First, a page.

What is it?
Tonsillitis is an inflammation of the tonsils. It is most commonly caused by a viral or bacterial infection – when it’s caused by a bacterium called group A streptococcus, the condition is sometimes referred to as strep throat.
The most noticeable symptom is often pain in the throat, which gets very bad when swallowing. Other signs include red and swollen tonsils, fever, and a general sense of feeling ill.
Tonsillitis is most common in children. The prevalence of chronic tonsillitis, meaning that the person has suffered from several episodes during a relatively short space of time, is in the USA about 0.7% of people. Cases with only one or a couple of episodes are much more common than that. In 40% of people, symptoms will resolve within 3 days, and in 85% of people, they will resolve within a week.
What causes it?
Tonsillitis can be caused by a number of different viruses and bacteria. While the tonsillitis itself doesn’t “spread”, the infectious agents that cause it do. Because they infect the respiratory tract, they are contained in the droplets that we spread to our surroundings when we cough or sneeze. If one of these droplets manages to make it to our tonsils, which normally participate in fighting infections, the microbes might get a grip of our immune system and cause an inflammation which mostly causes the symptoms of tonsillitis.
What happens during it?
Since there are many different microbes that can cause tonsillitis, there are also many different ways in which the symptoms can come about. A common factor is, however, that an inflammation starts in the tonsils.
Our body has many defense mechanisms against pathogens, and inflammation is one of them. When cells notice that there’s something wrong in a certain area of the body, they start to produce inflammatory mediators. These molecules cause the symptoms of inflammation – blood vessels become bigger and more permeable in the area to direct as many white cells as possible to fight the infection, for example. This is why the inflamed area becomes red and swollen. The molecules can also irritate the pain receptors of neurons and that way send signals to the brain which will be interpreted as pain. If microbes have made it into the tonsil tissue, an inflammation starts there.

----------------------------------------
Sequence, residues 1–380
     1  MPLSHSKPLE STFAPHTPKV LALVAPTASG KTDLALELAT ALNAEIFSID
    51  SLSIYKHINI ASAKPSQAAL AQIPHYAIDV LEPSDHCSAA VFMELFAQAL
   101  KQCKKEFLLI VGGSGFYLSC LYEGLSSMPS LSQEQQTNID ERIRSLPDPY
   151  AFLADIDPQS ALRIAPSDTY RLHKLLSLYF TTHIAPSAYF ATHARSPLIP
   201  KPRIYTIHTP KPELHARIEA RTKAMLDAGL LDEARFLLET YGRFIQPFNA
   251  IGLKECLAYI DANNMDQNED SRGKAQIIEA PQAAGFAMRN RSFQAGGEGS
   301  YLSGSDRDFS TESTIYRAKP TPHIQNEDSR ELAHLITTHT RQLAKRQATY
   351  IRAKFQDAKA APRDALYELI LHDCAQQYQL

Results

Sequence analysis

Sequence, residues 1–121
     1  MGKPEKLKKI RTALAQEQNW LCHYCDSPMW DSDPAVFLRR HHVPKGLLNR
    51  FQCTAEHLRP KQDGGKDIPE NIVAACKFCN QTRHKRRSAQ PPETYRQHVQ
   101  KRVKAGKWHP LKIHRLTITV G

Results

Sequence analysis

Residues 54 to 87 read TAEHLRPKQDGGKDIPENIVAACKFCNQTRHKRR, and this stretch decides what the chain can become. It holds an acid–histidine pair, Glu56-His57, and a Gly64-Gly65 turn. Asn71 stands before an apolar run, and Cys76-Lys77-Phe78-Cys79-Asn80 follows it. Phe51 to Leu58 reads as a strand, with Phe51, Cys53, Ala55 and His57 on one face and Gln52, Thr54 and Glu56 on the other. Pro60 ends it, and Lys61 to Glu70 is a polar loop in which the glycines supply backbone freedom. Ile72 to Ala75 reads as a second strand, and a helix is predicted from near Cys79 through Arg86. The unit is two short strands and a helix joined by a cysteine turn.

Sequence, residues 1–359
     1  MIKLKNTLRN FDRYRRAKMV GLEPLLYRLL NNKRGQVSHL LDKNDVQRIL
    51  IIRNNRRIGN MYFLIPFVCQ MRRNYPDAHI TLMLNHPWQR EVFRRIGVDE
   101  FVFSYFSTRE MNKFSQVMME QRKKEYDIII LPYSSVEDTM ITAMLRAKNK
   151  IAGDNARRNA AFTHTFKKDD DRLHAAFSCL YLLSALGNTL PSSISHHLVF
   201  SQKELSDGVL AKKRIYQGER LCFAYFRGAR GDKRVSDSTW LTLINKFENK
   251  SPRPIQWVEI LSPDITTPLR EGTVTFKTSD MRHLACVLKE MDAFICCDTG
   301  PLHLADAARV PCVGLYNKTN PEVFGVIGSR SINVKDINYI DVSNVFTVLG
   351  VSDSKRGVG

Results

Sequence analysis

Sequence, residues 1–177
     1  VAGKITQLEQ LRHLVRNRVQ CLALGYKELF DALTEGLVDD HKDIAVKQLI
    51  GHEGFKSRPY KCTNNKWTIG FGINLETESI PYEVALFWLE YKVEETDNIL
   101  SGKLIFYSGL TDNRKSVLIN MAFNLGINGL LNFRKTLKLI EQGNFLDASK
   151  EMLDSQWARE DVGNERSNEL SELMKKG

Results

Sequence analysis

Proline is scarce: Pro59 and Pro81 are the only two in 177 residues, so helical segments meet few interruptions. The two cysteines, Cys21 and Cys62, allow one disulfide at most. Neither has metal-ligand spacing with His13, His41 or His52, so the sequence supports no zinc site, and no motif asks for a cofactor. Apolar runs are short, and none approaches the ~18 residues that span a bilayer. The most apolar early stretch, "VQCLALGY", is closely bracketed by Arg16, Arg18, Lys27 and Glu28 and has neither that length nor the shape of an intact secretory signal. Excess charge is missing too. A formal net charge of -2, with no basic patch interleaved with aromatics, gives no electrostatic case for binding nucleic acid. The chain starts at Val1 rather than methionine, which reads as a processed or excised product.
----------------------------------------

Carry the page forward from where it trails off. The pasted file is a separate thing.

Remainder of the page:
It is thought that the bacterium that causes strep throat, for example, manages to hide from the body’s immune system by invading epithelial cells (cells in the inner and outer surfaces of the body). This would explain why antibiotics are rarely that effective – they aren’t taken inside the cells in sufficient amounts. They also carry a protein on their surface, which prevents immune cells from “ingesting” and that way destroying them, as would normally happen.
How can it be treated?
As most cases resolve without specific treatment, taking care of someone with tonsillitis usually focuses on relieving the symptoms. It’s important that the person gets enough to drink and eat, even if swallowing is very painful. Painkillers might be useful for the sore throat.
Even if the tonsillitis has been confirmed to be caused by a bacterium, antibiotics aren’t necessarily prescribed. This is because they often aren’t able to speed up recovery but only cause side effects, and the use of unnecessary antibiotics should be discouraged in order to avoid antibiotic resistance. In particularly severe cases, or those that don’t seem to get better, they can be used.
If a person suffers from recurrent episodes of disabling tonsillitis, their tonsils can be surgically removed.
Sources: https://en.wikipedia.org/wiki/Tonsillitis, http://www.rightdiagnosis.com/t/tonsilitis/prevalence-types.htm, http://www.nhs.uk/Conditions/Tonsillitis/Pages/Treatment.aspx, http://www.ncbi.nlm.nih.gov/pubmedhealth/PMH0072482/, http://emedicine.medscape.com/article/228936-overview#a3